While the global economy appears to be in the midst of steady and welcome growth, there are suggestions that we may be set for a period of financial volatility. The portents for austerity are even prevalent in thriving economies such as the UK, where financial confidence levels among businesses fell to their lowest level since 2013 and commercial lending also sunk to new depths. This means that entrepreneurs will face several challenges during the remainder of the year, as they look to consolidate and sustain their venture successfully.
Identifying and responding to key business challenges
While every business and market sector will face its own unique challenges, there are some global concerns that ventures must overcome if they are to succeed this year.
Consider the following: –
The speed of change and technological innovation
This challenge is universal across almost all business sectors, as technological advancement and innovation continues at a relentless and gathering pace. The statistics underline this, with the smartphone user base increasing to more than 1 billion during the last 16 years and likely to climb beyond 6 billion by the year 2020. Similarly, while it took firms such as EBay 15 years to reach 100 million users, brands such as Google, Facebook and more recently Spotify have achieved this in less than a year.
These figures highlight the pace of change and the rise of fluid marketing mediums such as mobile and social media. It is imperative that your business recognises this and subsequently adapts its infrastructure to optimise the use of these channels. Having a quick-loading website that is optimised for mobile devices is integral, for example, as is the need for an integrated social media presence that enables you to reach an optimal number of targeted and motivated customers.
The loss of clients and custom
This is another universal business issue, and one that can occur for two primary reasons. Statistics show that 6% of UK company insolvencies occurred after a major client became insolvent themselves, and even in a thriving economy we have seen a relatively high number of businesses fail. Your business must also content with an increasingly open and accessible market, where intense competition and consumer choice means that firms are always vulnerable to the loss of custom.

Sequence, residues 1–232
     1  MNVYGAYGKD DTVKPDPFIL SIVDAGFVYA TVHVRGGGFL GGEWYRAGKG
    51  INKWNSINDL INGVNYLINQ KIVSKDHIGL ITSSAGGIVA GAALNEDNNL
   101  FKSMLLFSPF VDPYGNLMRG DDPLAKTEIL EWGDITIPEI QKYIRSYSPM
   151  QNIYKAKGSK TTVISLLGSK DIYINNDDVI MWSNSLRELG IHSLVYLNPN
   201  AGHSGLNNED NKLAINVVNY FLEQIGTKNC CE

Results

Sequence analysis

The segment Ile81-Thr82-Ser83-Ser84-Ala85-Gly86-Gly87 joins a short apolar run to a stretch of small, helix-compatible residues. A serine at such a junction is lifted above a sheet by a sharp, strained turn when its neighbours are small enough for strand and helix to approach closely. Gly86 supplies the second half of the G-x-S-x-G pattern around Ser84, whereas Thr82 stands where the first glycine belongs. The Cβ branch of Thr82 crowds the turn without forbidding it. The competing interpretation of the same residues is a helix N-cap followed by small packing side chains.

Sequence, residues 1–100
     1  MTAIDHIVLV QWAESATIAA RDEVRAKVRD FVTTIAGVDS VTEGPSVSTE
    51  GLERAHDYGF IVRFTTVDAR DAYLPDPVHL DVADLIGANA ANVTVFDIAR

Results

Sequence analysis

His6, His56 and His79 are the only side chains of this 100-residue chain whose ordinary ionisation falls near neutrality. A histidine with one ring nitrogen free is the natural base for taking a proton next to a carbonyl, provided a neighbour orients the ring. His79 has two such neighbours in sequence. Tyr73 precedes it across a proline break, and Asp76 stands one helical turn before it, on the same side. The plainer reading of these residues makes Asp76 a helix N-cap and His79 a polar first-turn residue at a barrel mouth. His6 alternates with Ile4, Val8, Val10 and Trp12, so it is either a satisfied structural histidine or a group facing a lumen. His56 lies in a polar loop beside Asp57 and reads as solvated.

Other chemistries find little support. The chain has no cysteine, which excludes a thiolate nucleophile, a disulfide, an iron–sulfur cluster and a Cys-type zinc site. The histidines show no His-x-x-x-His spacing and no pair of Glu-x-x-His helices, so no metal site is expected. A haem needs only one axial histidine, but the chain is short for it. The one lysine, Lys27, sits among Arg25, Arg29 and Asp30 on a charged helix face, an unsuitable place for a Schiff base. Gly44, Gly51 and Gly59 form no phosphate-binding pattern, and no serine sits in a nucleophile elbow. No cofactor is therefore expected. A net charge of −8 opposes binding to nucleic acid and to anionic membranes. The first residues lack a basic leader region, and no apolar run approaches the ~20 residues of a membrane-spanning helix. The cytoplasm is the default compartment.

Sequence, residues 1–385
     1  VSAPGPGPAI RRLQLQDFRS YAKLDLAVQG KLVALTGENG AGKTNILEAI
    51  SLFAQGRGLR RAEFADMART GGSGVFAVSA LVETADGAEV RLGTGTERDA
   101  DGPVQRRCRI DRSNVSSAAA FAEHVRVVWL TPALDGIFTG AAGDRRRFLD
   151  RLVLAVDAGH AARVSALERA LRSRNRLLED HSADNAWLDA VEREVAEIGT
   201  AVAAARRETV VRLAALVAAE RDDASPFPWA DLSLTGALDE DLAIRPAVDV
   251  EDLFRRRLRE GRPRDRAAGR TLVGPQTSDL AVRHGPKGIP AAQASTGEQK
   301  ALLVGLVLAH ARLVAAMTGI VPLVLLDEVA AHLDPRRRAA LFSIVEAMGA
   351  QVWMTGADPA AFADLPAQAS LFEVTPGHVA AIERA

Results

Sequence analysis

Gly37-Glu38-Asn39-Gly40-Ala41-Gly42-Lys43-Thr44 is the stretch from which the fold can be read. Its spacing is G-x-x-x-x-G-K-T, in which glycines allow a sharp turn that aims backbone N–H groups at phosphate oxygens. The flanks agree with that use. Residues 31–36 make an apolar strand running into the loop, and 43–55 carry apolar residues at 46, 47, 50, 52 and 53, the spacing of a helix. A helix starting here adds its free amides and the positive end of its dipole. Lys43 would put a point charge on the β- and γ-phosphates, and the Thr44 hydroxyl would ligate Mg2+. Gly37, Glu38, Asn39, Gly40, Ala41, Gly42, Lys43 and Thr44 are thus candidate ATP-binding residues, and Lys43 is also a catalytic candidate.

While these factors are decidedly diverse, the result is the same. Your business must be prepared to cope with a loss of custom, or preferably adopt a proactive approach and ensure that you develop a keen sense of loyalty among your existing consumers.
Precise targeting is crucial, as this ensures that your marketing campaigns are efficient and reach as motivated an audience as possible. You should look to use thought leadership and insightful blogging to create the entry point into a relationship with customers, winning their trust and engagement in the process.
Above all else, invest in your customer service reinvent it as a viable marketing opportunity. More specifically, train your employees to converse with customers when they are engaged with the brand and utilise this as a promotional platform.
The increasingly empowered employee
While customers may be more knowledgeable and selective than ever before, it is important to remember that these individuals also serve as our employees. Those that have grown up in the digital access have instant access to incredibly insightful data and knowledge, making informed decision making easier than ever before. As a result of this, we are seeing inflated of employee turnover and a battle for top industry talent that is more intense than ever before.
In order to win this battle, you need to understand the changing nature and motivation of the modern workforce. Staff members are longer satisfied by salary alone, with many more likely to prioritise understated factors such as progression, job security and flexibility. This is also supported by the rising number of independent contractors in the western world, with an estimated 40% of the American workforce expected to operate as freelancers by the year 2020.
This underlines how technological advancement and an increased knowledge base have changed the outlook of employees, affording them choice and flexibility in the process.
You must react to this by developing flexible working directives (where possible) and creating a diverse package of employment benefits that appeal to the modern worker.
Author: Lewis is a blogger and entrepreneur from the UK. He writes for sites such as Career Addict and Life Hack, while he also operates a small business venture called Link Through Words. Follow him on Twitter @LewisRHumphries